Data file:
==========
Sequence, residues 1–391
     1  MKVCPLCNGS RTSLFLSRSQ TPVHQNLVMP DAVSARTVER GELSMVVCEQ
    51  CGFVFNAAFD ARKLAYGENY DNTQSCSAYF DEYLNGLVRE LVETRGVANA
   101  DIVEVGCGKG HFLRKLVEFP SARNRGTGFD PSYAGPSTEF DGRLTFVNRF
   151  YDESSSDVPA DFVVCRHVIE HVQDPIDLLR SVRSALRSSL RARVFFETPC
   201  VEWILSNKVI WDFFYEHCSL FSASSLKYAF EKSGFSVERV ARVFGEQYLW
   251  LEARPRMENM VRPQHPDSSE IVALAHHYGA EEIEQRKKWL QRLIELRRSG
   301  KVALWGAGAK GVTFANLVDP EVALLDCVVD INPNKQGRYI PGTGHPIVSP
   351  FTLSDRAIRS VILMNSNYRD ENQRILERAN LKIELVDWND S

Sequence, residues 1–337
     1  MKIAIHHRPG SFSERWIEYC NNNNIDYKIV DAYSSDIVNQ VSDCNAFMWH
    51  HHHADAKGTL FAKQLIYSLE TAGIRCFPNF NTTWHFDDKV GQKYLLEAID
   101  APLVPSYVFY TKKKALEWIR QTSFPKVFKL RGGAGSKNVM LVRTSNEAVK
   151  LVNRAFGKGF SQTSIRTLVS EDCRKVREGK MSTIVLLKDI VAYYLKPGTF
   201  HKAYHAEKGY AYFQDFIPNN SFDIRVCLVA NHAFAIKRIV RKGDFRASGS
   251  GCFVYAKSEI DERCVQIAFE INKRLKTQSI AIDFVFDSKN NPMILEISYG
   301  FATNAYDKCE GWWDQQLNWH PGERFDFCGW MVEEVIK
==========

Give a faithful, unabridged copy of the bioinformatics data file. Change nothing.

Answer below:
Sequence, residues 1–391
     1  MKVCPLCNGS RTSLFLSRSQ TPVHQNLVMP DAVSARTVER GELSMVVCEQ
    51  CGFVFNAAFD ARKLAYGENY DNTQSCSAYF DEYLNGLVRE LVETRGVANA
   101  DIVEVGCGKG HFLRKLVEFP SARNRGTGFD PSYAGPSTEF DGRLTFVNRF
   151  YDESSSDVPA DFVVCRHVIE HVQDPIDLLR SVRSALRSSL RARVFFETPC
   201  VEWILSNKVI WDFFYEHCSL FSASSLKYAF EKSGFSVERV ARVFGEQYLW
   251  LEARPRMENM VRPQHPDSSE IVALAHHYGA EEIEQRKKWL QRLIELRRSG
   301  KVALWGAGAK GVTFANLVDP EVALLDCVVD INPNKQGRYI PGTGHPIVSP
   351  FTLSDRAIRS VILMNSNYRD ENQRILERAN LKIELVDWND S

Sequence, residues 1–337
     1  MKIAIHHRPG SFSERWIEYC NNNNIDYKIV DAYSSDIVNQ VSDCNAFMWH
    51  HHHADAKGTL FAKQLIYSLE TAGIRCFPNF NTTWHFDDKV GQKYLLEAID
   101  APLVPSYVFY TKKKALEWIR QTSFPKVFKL RGGAGSKNVM LVRTSNEAVK
   151  LVNRAFGKGF SQTSIRTLVS EDCRKVREGK MSTIVLLKDI VAYYLKPGTF
   201  HKAYHAEKGY AYFQDFIPNN SFDIRVCLVA NHAFAIKRIV RKGDFRASGS
   251  GCFVYAKSEI DERCVQIAFE INKRLKTQSI AIDFVFDSKN NPMILEISYG
   301  FATNAYDKCE GWWDQQLNWH PGERFDFCGW MVEEVIK